Sleep apnea increases the risk of new hospitalized atrial fibrillation: a historical cohort study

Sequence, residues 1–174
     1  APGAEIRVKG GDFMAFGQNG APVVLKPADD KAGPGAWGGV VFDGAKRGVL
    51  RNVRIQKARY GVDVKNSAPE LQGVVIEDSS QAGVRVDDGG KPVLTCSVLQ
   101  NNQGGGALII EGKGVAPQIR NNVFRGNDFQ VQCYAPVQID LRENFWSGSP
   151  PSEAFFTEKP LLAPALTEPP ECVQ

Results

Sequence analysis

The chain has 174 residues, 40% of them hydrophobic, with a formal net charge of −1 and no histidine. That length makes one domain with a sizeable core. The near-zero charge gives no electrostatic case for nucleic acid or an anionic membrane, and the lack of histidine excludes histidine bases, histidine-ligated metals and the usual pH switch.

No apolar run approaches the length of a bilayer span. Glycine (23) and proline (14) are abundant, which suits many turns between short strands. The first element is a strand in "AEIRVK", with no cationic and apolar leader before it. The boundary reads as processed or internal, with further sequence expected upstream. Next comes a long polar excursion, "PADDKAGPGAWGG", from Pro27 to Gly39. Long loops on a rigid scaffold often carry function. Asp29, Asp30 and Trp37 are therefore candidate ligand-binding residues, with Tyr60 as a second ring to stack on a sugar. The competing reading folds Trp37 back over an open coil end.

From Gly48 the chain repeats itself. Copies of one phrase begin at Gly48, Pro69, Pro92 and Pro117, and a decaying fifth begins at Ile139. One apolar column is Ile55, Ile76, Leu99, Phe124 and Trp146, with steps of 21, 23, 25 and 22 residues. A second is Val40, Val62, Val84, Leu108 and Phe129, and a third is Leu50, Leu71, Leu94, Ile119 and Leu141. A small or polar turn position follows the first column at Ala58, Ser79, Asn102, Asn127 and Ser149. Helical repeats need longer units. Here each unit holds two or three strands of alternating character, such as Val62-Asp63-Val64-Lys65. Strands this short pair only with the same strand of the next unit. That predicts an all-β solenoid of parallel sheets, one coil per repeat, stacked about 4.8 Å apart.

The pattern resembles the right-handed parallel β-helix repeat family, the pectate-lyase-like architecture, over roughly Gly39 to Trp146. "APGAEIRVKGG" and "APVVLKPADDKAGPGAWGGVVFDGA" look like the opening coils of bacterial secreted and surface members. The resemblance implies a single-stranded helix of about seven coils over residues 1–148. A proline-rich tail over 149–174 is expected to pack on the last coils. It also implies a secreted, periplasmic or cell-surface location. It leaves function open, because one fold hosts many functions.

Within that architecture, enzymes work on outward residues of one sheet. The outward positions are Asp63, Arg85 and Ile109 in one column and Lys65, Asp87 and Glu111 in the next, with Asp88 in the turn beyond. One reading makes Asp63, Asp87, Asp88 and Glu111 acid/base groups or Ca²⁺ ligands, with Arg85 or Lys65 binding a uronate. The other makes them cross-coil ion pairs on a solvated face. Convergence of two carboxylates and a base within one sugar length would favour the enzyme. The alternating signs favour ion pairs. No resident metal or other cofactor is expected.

Recent research has identified obstructive sleep apnoea (OSA) as a possible risk factor for atrial fibrillation (AF), with studies showing a reduction in recurrent AF as a result of OSA treatment. However, research examining the longitudinal relationship between OSA and incident AF is limited. In this historical cohort study, researchers aimed to examine the relationship between newly diagnosed OSA and incident AF over 10 years. A total of 8,256 patients were included in the analysis, all of who were arrhythmia-free at baseline (i.e. the time of the first diagnostic sleep study). Results demonstrated that, over a median follow-up of 10 years, 2.1% of the cohort were hospitalised for AF. Despite this relatively low incidence rate, a statistically significant relationship was found between severe nocturnal hypoxemia and AF after controlling for factors such as age, sex, alcohol consumption and smoking status. Based on these findings, researchers stated that nocturnal hypoxemia was an independent predictor of incident hospitalisation for AF in patients with suspected OSA. They further claimed that the reduced risk for AF hospitalisation found in this analysis may be the result of the younger age and lower BMI of the participants. Based on this, researchers concluded that there is a relationship between OSA, nocturnal hypoxemia and development of AF, recommending that patients with OSA should be identified as those who are at risk of developing AF.